This can be proved by Integration by Parts,
$\displaystyle {\mathcal L}[f'(t)]$ $\textstyle =$ $\displaystyle \lim_{a\to\infty}\int^a_0 e^{-st}f'(t)\,dt$  
  $\textstyle =$ $\displaystyle \lim_{a\to\infty}\left[{e^{-st}f(t)]^a_0 + s \int^a_0 e^{-st}f(t)\,dt}\right]$  
  $\textstyle =$ $\displaystyle \lim_{a\to\infty}\left[{e^{-sa}f(a)-f(0)+s\int^a_0 e^{-st}f(t)\,dt}\right]$  
  $\textstyle =$ $\displaystyle s{\mathcal L}[f(t)]-f(0).$ (11)

Continuing for higher order derivatives then gives
{\mathcal L}[f''(t)] = s^2{\mathcal L}[f(t)]-sf(0)-f'(0).
\end{displaymath} (12)

This property can be used to transform differential equations into algebraic equations, a procedure known as the Heaviside Calculus, which can then be inverse transformed to obtain the solution. For example, applying the Laplace transform to the equation
f''(t)+a_1 f'(t)+a_0f(t)=0
\end{displaymath} (13)


\{s^2{\mathcal L}[f(t)]-sf(0)-f'(0)\}+a_1\{s{\mathcal L}[f(t)]-f(0)\}+a_0{\mathcal L}[f(t)]=0
\end{displaymath} (14)

{\mathcal L}[f(t)](s^2+a_1s+a_0)-sf(0)-f'(0)-a_1f(0)=0,
\end{displaymath} (15)

which can be rearranged to
{\mathcal L}[f(t)]={sf(0)+[f'(0)+a_1f(0)]\over s^2+a_1s+a_0}.
\end{displaymath} (16)

If this equation can be inverse Laplace transformed, then the original differential equation is solved.

Consider Exponentiation. If ${\mathcal L}(f(t)) = F(s)$ for $s > \alpha$, then ${\mathcal
L}(e^{at}f(t)) = F(s-a)$ for $s > a+\alpha$.

$\displaystyle F(s-a)$ $\textstyle =$ $\displaystyle \int^\infty_0 f(t)e^{-(s-a)t}\,dt = \int^\infty_0 [f(t)e^{at}]e^{-st}\,dt$  
  $\textstyle =$ $\displaystyle {\mathcal L}(e^{at}f(t)).$ (17)

Consider Integration. If $f(t)$ is piecewise continuous and $\vert f(t)\vert\leq Me^{at}$, then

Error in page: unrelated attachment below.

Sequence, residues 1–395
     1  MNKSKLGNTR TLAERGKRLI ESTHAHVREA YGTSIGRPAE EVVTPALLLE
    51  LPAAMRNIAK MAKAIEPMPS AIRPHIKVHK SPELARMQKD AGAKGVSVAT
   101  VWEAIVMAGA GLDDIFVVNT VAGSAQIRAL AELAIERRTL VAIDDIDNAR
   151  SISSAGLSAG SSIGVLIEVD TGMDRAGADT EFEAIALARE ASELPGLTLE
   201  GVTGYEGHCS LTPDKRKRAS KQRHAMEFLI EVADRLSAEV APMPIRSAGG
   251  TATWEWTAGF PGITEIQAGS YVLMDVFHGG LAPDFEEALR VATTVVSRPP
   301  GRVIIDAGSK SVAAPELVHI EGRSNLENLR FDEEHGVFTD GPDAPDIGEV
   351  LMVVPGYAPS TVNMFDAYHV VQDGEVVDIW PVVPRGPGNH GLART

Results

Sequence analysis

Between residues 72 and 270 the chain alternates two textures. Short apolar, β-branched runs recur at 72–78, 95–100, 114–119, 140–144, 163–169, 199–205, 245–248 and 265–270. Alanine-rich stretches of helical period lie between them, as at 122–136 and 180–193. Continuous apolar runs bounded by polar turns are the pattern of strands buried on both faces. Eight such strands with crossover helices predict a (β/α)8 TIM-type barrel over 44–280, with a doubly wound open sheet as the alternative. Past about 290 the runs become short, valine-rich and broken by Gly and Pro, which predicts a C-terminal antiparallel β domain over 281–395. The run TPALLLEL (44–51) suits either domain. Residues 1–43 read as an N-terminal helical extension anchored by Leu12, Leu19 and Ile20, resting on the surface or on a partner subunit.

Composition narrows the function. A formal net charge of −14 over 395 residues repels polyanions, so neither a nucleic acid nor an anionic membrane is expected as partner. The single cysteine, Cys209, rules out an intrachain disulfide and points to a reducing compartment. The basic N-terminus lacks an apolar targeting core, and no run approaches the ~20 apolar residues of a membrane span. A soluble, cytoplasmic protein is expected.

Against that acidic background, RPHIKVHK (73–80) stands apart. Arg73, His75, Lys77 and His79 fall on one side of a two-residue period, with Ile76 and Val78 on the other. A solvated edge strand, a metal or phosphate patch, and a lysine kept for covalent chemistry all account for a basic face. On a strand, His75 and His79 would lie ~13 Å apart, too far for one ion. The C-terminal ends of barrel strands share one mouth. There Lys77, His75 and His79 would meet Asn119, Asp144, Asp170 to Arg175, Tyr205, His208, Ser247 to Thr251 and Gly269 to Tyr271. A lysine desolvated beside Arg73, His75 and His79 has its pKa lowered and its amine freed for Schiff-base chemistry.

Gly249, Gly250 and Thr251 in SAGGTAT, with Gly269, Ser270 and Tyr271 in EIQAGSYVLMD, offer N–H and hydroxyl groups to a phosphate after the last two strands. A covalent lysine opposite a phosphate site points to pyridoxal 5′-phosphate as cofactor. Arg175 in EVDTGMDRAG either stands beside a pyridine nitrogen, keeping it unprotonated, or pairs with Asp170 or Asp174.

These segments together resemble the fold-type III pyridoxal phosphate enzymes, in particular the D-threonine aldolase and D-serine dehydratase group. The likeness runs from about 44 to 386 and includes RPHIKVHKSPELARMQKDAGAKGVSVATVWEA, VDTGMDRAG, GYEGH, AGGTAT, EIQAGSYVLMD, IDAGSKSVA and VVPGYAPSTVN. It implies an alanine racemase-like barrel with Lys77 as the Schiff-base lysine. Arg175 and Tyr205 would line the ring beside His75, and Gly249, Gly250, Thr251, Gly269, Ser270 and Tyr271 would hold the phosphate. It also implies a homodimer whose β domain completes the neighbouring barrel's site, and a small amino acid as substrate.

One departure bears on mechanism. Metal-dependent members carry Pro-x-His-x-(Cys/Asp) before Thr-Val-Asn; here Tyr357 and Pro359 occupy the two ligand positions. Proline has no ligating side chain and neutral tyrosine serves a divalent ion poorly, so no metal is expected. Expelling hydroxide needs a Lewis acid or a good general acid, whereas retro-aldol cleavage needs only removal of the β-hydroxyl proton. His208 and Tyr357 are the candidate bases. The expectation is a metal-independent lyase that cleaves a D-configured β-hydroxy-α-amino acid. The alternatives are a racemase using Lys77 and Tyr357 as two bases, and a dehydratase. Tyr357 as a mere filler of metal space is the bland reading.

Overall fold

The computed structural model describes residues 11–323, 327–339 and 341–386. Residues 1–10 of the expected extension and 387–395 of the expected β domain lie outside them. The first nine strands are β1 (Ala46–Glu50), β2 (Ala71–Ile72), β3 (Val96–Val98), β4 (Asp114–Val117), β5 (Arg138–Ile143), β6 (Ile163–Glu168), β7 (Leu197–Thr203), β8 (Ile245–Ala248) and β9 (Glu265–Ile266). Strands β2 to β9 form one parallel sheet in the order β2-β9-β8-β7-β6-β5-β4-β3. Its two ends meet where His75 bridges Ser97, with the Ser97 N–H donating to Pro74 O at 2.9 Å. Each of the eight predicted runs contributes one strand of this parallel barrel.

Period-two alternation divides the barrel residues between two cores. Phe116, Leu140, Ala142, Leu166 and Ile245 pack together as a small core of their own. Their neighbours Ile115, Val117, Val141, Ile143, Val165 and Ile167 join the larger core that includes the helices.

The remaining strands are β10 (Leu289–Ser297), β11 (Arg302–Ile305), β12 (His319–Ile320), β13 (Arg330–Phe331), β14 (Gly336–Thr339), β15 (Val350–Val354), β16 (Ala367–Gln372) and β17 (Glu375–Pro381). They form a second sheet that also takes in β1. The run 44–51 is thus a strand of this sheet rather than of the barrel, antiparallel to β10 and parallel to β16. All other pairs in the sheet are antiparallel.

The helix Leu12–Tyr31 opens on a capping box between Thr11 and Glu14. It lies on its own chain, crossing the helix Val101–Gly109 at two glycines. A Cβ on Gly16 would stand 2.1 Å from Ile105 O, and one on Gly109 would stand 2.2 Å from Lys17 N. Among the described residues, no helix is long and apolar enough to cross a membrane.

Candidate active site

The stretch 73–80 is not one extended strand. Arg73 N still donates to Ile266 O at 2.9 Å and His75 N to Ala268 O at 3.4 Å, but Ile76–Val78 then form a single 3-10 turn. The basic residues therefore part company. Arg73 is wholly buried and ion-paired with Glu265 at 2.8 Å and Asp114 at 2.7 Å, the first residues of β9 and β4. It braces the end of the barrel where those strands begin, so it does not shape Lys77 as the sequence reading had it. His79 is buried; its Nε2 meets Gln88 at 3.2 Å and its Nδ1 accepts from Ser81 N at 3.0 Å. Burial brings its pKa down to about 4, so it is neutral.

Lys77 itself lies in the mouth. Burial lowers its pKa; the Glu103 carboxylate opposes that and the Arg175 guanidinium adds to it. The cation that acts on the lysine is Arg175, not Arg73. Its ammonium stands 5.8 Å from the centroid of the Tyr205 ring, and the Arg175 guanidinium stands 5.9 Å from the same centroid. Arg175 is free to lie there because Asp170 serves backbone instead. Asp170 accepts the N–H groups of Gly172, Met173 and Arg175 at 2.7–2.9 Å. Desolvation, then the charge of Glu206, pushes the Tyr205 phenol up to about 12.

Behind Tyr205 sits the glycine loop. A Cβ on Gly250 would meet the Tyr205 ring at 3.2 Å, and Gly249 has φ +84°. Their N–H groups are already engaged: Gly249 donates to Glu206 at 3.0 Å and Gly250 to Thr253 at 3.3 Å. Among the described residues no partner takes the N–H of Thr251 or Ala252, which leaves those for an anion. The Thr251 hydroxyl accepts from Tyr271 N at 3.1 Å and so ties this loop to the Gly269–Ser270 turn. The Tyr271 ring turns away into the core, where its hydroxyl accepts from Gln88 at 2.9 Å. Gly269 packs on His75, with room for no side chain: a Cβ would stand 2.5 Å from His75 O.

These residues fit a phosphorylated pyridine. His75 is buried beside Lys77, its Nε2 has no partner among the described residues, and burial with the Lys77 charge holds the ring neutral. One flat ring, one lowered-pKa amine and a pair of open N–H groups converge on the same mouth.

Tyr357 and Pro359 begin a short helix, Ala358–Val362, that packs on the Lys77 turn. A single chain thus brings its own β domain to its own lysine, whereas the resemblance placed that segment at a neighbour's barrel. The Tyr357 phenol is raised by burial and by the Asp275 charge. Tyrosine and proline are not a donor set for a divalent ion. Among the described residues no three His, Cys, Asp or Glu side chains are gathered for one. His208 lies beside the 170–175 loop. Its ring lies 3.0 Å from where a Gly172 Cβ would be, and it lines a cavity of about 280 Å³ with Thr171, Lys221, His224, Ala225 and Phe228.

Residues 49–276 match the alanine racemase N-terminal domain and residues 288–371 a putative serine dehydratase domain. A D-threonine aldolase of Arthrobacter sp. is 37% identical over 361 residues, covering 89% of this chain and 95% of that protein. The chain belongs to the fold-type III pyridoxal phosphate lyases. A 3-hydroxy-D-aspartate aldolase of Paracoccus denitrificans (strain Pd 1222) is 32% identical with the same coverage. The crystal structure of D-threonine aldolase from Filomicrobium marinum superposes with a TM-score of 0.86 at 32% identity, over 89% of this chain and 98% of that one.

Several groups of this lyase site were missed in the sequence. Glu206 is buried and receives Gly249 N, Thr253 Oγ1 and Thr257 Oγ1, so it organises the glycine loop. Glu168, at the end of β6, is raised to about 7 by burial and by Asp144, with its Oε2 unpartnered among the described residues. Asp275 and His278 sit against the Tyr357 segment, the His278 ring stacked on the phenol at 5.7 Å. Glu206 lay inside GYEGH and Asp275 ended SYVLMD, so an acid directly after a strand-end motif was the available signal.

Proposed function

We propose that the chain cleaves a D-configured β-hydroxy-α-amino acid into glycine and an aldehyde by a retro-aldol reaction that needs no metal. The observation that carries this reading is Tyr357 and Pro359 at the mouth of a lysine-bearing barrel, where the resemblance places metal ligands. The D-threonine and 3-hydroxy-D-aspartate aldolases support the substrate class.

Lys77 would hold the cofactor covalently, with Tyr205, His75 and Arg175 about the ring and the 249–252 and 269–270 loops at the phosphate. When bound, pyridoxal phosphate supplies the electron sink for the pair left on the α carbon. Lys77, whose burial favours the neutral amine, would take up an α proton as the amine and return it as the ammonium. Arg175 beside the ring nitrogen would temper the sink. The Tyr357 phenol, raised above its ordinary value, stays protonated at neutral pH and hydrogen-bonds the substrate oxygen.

{\mathcal L}\left[{\int^t_0 f(t)\,dt}\right]= {1\over s}{\mathcal L}[f(t)].
\end{displaymath} (18)

The inverse transform is known as the Bromwich Integral, or sometimes the Fourier-Mellin Integral.

See also Bromwich Integral, Fourier-Mellin Integral, Fourier Transform, Integral Transform, Laplace-Stieltjes Transform, Operational Mathematics


Laplace Transforms

Abramowitz, M. and Stegun, C. A. (Eds.). ``Laplace Transforms.'' Ch. 29 in Handbook of Mathematical Functions with Formulas, Graphs, and Mathematical Tables, 9th printing. New York: Dover, pp. 1019-1030, 1972.

Arfken, G. Mathematical Methods for Physicists, 3rd ed. Orlando, FL: Academic Press, pp. 824-863, 1985.

Churchill, R. V. Operational Mathematics. New York: McGraw-Hill, 1958.

Doetsch, G. Introduction to the Theory and Application of the Laplace Transformation. Berlin: Springer-Verlag, 1974.

Franklin, P. An Introduction to Fourier Methods and the Laplace Transformation. New York: Dover, 1958.

Jaeger, J. C. and Newstead, G. H. An Introduction to the Laplace Transformation with Engineering Applications. London: Methuen, 1949.

Morse, P. M. and Feshbach, H. Methods of Theoretical Physics, Part I. New York: McGraw-Hill, pp. 467-469, 1953.

Spiegel, M. R. Theory and Problems of Laplace Transforms. New York: McGraw-Hill, 1965.

Widder, D. V. The Laplace Transform. Princeton, NJ: Princeton University Press, 1941.

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© 1996-9 Eric W. Weisstein